I want to preface this blog by saying that I am no expert on the South Carolina situation. I am pretty sure, though, that I have interpreted the law correctly.
I’m posting this entry as a smaller part of the big picture of sealed adoption records in the age of the national security state. While our battle is always about equal treatment under law and due process, in the restoration of our right to our original birth certificates, there are serous practical and political consequences that grow out of our lack of access.
Last night, Anne Piper Boyd, one of Bastard Nation’s Facebook friends posted a section from the South Carolina Department of Motor Vehicles homepage regarding application identification requirements to obtain a driver’s license in the state. It seems if you are adopted, the BMV–at least in theory– demands proof!
The activist group down there, South Carolina Adoptee Rights (SCAR–how appropriate!) tells us:
When an agency or attorney closes their business, there is not a statute that the files be retained or turned over to the state or how long the file has to be kept by the attorney or agency as the state only keeps records for the adoptions they handle.
It is unclear if SCAR is including OBC release in its description, so I went a little farther: to the HHS Child Welfare Information Gateway since it has a portal for OBC and identity access laws that is quicker than slogging through the state code. I found this for South Carolina.
Access to Nonidentifying Information
Citation: Ann. Code § 63-9-780
- The health and medical histories of the birth parents
- The health and medical history of the adoptee
- The adoptee’s general family background without name references or geographical designations
- The length of time the adoptee has been in the care and custody of the adoptive parent
- The adoptee is age 21 or older, and the applicants apply in writing to the adoption agency for the information.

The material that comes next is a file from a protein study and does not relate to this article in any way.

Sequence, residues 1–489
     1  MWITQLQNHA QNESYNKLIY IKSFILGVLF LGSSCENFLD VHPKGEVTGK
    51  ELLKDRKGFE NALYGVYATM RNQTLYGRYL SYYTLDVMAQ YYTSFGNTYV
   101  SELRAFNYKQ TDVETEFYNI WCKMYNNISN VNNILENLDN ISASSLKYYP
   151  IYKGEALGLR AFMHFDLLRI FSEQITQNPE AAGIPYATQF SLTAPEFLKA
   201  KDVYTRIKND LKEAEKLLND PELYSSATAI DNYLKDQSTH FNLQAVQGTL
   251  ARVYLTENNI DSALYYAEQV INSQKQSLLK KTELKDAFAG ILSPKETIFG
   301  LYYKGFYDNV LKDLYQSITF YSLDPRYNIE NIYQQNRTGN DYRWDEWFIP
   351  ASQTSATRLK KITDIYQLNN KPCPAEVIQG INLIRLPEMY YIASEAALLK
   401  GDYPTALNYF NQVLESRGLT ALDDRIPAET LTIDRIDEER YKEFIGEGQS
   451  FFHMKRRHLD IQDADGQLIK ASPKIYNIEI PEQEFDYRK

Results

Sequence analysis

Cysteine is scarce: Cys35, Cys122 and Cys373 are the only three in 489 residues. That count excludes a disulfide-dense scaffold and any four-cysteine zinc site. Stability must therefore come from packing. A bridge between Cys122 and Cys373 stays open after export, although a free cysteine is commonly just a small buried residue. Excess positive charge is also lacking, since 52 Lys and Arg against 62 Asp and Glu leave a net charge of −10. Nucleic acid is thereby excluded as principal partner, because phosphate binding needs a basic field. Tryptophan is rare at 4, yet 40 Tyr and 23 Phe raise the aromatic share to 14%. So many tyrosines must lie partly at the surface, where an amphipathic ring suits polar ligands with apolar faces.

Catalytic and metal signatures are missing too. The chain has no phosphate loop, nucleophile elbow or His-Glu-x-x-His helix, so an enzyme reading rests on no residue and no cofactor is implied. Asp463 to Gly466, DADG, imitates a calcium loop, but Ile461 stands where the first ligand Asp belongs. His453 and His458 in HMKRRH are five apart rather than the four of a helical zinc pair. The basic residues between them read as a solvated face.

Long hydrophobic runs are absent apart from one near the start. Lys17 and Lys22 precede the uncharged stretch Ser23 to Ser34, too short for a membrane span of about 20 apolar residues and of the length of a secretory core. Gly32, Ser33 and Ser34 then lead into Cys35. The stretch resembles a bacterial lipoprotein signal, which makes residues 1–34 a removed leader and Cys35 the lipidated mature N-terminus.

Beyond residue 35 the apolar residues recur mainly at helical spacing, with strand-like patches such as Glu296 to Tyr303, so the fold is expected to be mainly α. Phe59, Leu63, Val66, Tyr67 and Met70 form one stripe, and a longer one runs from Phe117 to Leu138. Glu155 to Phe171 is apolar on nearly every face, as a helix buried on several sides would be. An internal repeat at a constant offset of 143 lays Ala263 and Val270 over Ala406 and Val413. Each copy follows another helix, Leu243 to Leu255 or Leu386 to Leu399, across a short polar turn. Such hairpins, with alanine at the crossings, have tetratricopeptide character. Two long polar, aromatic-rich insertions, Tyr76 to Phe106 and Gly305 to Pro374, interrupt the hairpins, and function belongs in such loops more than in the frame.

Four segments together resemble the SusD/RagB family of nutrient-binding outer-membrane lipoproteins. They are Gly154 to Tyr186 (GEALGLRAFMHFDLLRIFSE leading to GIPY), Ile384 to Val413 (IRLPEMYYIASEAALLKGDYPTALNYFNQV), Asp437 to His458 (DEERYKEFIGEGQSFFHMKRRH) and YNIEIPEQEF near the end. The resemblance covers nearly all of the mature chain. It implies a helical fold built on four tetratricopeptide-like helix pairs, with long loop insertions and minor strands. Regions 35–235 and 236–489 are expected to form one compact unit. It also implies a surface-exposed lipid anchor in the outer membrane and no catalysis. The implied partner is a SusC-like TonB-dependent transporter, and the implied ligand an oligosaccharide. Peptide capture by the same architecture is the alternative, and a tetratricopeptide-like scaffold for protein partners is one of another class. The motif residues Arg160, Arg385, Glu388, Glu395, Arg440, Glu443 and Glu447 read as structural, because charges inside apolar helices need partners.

- The agency has a current file containing affidavits from the adoptee and the birth parents and siblings that they are willing to have their identities revealed to each other.
- The agency has established and maintained a confidential register that contains the names and addresses of the adoptee and birth parents and siblings who have filed affidavits.
- The adoptee and his or her birth parents and siblings have undergone counseling by the adoption agency concerning the effects of the disclosure. The adoption agency may charge a fee for the services, but services must not be denied because of inability to pay.
No disclosure may be made within 30 days after compliance with these conditions. The director of the adoption agency may waive the 30-day period in extreme circumstances. The agency may delay disclosure for 20 days from the expiration of the 30-day period to allow time to apply to a court of competent jurisdiction to enjoin the disclosure for good cause shown.
Access to Original Birth Certificate
In fact, if the amended birth certificate is the forever birth certificate for the forever Baby Bumble, is the pre-adoption information necessary? As adopta tradition goes: You didn’t exist before you were adopted.